I don't understand this passage from the book I'm reading:

Physically, it is clear that a system cannot be conservative if friction or other dissipation forces are present, because $\mathbf{F}\cdot d\mathbf{s}$ due to friction is always positive and the integral cannot vanish.

Why Is the work done by friction always positive? If $\mathbf{F}$ is opposite to the force moving the body, the sign should vary depending on the sign of $d\mathbf{s}$

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    $\begingroup$ The work done by friction relative to the surface the friction is acting on can't ever be positive. It's probably a typo. $\endgroup$ Commented Apr 3, 2019 at 11:45
  • $\begingroup$ ${}$ Which book? $\endgroup$
    – Qmechanic
    Commented Apr 3, 2019 at 12:45

1 Answer 1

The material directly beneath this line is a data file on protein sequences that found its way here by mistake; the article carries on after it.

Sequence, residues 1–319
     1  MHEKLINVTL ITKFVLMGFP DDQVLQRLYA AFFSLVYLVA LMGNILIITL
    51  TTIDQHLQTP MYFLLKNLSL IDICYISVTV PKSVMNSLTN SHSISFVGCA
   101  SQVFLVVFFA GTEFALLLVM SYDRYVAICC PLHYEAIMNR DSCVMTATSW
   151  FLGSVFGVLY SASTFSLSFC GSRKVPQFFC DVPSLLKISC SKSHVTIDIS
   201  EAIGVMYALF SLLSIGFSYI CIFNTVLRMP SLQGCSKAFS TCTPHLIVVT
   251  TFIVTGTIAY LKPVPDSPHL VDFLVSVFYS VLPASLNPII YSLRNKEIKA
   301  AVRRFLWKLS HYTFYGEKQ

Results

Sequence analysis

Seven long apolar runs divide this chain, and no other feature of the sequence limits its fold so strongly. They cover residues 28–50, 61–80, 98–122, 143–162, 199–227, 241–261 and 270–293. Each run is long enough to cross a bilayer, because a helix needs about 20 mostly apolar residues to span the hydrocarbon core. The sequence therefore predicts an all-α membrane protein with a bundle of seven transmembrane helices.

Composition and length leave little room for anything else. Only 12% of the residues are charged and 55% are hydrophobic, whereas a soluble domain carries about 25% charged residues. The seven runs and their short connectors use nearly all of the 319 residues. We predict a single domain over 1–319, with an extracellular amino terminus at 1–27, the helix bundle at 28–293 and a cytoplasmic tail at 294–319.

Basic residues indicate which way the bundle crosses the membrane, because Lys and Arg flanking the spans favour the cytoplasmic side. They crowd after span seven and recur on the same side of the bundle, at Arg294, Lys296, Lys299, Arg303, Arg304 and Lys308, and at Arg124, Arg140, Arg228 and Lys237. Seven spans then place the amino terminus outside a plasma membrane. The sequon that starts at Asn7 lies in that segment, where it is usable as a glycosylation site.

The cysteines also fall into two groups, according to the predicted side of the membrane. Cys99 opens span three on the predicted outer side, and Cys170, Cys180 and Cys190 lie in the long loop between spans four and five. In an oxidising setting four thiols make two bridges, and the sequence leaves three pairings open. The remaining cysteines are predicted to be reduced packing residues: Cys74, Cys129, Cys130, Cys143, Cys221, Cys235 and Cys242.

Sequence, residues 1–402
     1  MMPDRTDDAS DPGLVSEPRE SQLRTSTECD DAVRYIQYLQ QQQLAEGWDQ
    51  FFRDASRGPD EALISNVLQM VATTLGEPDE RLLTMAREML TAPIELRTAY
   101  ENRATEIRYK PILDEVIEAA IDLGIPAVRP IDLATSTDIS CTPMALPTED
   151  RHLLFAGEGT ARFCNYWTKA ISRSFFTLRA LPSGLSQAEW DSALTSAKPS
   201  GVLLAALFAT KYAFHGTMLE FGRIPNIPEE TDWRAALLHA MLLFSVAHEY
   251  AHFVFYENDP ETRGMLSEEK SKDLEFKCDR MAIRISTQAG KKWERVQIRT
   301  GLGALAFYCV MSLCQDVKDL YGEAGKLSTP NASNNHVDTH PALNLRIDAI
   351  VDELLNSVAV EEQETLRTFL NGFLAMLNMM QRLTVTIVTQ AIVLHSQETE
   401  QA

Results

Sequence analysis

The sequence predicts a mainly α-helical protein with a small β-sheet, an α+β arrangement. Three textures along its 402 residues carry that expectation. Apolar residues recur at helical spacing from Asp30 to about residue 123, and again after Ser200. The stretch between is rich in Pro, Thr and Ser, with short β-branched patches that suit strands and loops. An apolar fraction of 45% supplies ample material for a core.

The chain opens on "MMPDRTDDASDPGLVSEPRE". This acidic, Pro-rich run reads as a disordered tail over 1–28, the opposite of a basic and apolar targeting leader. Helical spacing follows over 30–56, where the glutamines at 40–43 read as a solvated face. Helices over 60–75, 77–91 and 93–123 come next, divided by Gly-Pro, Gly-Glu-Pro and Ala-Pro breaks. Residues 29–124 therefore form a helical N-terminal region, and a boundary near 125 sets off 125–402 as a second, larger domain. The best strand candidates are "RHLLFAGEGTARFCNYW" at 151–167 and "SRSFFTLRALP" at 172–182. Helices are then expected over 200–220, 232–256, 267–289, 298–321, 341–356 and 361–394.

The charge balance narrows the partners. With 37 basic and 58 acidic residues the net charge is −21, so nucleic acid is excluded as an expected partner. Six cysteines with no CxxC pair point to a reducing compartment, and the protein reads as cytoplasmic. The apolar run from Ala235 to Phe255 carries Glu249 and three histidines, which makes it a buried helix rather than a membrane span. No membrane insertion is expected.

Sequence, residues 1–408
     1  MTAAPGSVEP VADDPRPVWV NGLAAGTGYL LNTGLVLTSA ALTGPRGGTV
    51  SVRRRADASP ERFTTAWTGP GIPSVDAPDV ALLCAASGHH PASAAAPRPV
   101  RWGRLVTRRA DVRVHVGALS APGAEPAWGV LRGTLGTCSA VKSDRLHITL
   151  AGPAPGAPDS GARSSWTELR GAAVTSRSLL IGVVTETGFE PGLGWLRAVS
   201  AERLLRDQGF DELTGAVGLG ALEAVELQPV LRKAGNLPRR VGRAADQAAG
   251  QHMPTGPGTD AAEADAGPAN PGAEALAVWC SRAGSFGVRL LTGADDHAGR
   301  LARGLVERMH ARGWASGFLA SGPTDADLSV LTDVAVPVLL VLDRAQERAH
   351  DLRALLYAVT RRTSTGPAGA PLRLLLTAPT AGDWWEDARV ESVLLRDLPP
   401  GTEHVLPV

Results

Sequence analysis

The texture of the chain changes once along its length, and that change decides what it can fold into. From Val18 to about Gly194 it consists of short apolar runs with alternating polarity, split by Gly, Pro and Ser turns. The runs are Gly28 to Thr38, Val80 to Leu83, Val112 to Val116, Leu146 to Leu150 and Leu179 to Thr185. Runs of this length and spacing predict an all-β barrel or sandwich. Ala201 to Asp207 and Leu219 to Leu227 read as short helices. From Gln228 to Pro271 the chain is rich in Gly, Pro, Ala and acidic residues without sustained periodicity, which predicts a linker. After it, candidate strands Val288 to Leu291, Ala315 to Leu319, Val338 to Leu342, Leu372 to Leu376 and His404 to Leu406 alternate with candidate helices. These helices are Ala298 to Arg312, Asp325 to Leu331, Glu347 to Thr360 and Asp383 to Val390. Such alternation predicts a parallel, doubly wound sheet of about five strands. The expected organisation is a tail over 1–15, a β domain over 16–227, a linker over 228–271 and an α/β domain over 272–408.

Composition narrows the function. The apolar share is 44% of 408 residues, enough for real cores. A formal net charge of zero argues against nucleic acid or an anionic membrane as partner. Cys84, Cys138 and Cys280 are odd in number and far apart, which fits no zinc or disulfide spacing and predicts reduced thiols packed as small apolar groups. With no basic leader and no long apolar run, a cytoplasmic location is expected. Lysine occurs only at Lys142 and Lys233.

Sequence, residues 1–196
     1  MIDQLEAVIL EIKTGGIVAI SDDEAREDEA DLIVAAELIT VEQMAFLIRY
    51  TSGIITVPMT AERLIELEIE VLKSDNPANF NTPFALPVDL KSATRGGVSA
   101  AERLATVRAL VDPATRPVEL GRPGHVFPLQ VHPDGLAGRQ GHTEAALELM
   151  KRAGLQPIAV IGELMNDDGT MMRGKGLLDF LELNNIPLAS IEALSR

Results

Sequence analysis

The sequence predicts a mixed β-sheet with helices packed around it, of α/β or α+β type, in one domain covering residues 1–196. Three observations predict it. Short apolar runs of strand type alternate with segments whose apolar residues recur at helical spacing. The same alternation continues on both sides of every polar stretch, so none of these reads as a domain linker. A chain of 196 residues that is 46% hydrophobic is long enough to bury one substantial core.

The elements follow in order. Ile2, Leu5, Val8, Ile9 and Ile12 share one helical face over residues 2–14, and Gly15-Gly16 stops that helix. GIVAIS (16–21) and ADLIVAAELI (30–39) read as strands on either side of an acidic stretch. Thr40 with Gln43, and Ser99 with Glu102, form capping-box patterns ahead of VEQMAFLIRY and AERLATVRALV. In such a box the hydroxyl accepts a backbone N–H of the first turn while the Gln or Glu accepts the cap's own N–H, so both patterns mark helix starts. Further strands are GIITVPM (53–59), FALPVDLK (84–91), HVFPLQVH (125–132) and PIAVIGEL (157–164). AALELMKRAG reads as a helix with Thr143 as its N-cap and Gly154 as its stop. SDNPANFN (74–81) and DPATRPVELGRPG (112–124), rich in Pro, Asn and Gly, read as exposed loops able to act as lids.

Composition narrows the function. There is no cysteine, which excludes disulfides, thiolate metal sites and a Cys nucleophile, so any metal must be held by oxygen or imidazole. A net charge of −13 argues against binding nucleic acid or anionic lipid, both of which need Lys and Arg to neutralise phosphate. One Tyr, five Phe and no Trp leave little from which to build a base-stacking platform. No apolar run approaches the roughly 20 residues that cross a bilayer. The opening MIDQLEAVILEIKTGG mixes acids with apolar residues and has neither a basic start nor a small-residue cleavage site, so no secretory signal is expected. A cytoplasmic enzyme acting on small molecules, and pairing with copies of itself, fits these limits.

The force referred to by the book is probably an external force applied to the object and not the friction force. When the external force equals the kinetic friction force it pushes the object at constant velocity. It does positive work on the object equal to Fs. But the surface does an equal amount of negative work on the object per @Aaron Stevens which is converted to heat, so the net work done on the object is zero.

This is also explained by the work energy theorem. The net work done on an object equals its change in kinetic energy. Since the velocity of the object is constant the change in kinetic energy is zero and therefore the net work done on the object is zero.

So my guess is the book may be referring to the work done by an external force on the object against friction, and not the work done by friction.

By the way I found another post quoting Goldstein’s book on classical mechanics where he talked about work against friction being positive. He was referring to an external force.

Hope this helps.

  • $\begingroup$ @AaronStevens What if I was to rephrase it to say I do positive work on the object transferring energy to it while at the same time the surface does the same magnitude of negative work on the object transferring the energy from the object to the surface in the form of heat. $\endgroup$
    – Bob D
    Commented Apr 3, 2019 at 18:31

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